How to Backup Linux Files

In this tutorial, we will teach you how to backup Linux files.

Backups basically come in handy when there is a system hardware failure. All your data is still intact, and you can continue on working without any sort of data loss. Furthermore, accidental deletion and viruses can corrupt your data, and it’s all the more easier to recover the data from a backup copy.

There are two popular programs for Linux-based operating systems, the first is the LuckyBackup application and the other is Déjà Dup, which we will be looking into in this video.

Déjà Dup is a simple Duplicity based backup tool installed by default in Ubuntu.

You can even use other applications such as LuckyBackup. The application can be downloaded from luckybackup.sourceforge.com where you can even get a complete detailed documentation about the software as well.

If you are using Ubuntu, you can even use the Ubuntu Software Center to download and install LuckyBackup on your system.
For this tutorial, we will be primarily looking into Deja Dub.

So let’s get started.

Step 1 – Installing Deja Dup

If you don’t have the application on your system, you can install it from the terminal application. All you have to do is write the command:

Sudo apt-get install deja-dup

After that, it will ask you for the password. Once entered, it will start downloading, unpacking and installing the application.

using the terminal application to install deja dup

Step 2 – Opening up Deja Dub

With that taken care of, let’s exit the terminal application and click on the power icon on the top right side of the desktop. Over here, you can search for the application and it will show up in the results below.

Simply click on the application to open it.

launching the deja dup application

Step 3 – Configuring the backup Location

When the application launches, move directly to the Storage section so that we can configure the backup process.

Over here, you have to choose the backup location. To do that, simply open up the backup location drop down menu and choose from the options available. For this tutorial, we will select the local folder option. Now we will be required to browse and select the folder location. For this tutorial, we will select the Backup folder on the desktop.

choosing a location for the backup

Step 4 – Selecting the folders to be included in the backup

In the Folder section, we can set the folder or folders we want to backup and the ones we want to ignore during the process. To select a folder, simply click on the plus sign un the “folders to backup” section, browse and select the folder. For this tutorial, we will create a backup of the whole documents folder.

If you don’t want any particular in the backup, simply move to the folders to ignore section and click on the plus sign. From there you can select the folder which is not to be included.

Over here, the application will create a backup of the Documents folder without including the music folder (see image below).

configuring what to be included in the backup


Step 5 – Scheduling the backup

Moving to the Schedule tab, here we can set the options how often we want the application to backup and how long to keep each backups. You can switch from daily to weekly or even monthly.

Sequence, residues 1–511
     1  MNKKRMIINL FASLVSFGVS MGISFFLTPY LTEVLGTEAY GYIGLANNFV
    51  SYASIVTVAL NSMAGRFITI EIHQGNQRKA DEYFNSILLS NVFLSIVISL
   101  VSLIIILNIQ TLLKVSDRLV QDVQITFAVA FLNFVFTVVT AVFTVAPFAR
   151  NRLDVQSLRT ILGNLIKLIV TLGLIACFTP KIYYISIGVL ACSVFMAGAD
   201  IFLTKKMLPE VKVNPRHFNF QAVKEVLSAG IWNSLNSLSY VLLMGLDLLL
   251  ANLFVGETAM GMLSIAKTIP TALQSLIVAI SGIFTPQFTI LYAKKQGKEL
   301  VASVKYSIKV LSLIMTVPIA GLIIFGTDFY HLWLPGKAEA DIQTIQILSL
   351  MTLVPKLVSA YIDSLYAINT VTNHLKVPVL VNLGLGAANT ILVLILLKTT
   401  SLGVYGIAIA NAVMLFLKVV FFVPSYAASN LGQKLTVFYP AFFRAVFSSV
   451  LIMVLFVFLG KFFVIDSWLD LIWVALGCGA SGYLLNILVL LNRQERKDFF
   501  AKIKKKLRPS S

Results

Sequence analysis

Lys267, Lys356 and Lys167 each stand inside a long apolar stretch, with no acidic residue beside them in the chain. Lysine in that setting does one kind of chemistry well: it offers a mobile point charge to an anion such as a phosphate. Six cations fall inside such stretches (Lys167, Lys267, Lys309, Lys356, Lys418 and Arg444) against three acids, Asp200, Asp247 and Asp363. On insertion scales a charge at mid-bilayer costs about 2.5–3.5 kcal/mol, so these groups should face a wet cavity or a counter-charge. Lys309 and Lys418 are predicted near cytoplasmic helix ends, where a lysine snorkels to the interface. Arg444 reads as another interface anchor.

If you choose the forever option here, all backups would be stored until you choose to delete them manually. All the other options will keep removing the old backups according to the time set or if there is low disk space.

configuring what to be included in the backup


Step 6 – Creating a backup

Now let’s move back to the overview option and enable the automatic backup option. Below, you can also see a summary of the backups that have taken place.

Now let’s create a backup. For that, click on the “Backup Now” button. With that done, you will be required to choose an encryption method. You can either set a password or allow the backup to be restored without a password. For this tutorial, we will password protect our backup.

Once you hit enter, the program will start creating a backup. With the processing completed, you will be notified that the backup has been created successfully.

making a backup

Step 7 – Restoring a backup

Now let’s restore the backup we just created. For that, click on the Restore button in the Overview section.

Next, you would be required to choose where to restore from. Over here, let’s select the location which we configured earlier for the backup location.

locating the backup to restore from


Step 8 – Choosing a backup version

Next, you would be required to choose what date you want to restore. Since we have only one backup currently, it is only showing one option. But if the application is running on daily backups, it will show each date from where you can restore the data.

choosing the backup date


Step 9 – Choosing where the backup is to be saved

Moving on, now we will have to choose where the restored files will be saved. We can either restore them to their original locations or specify a folder where they will be saved. For this tutorial, let’s specify a location. Over here, we will restore the files on the desktop.

configuring where the recovered folders will be saved

Step 10 – Typing the password

Once that is done, it will show you a summary of the data being restored. Moving to the next step, since we had encrypted the backup with a password earlier, we will be required to enter it over here in order to restore the data.

With the processing completed, let’s close the window and in the desktop over here, you can see that a new folder has been created.

If we open up the folder, you can see that the documents folder is located over here with all the files restored completely.

And that’s basically how you can backup Linux files.

writing down the encryption password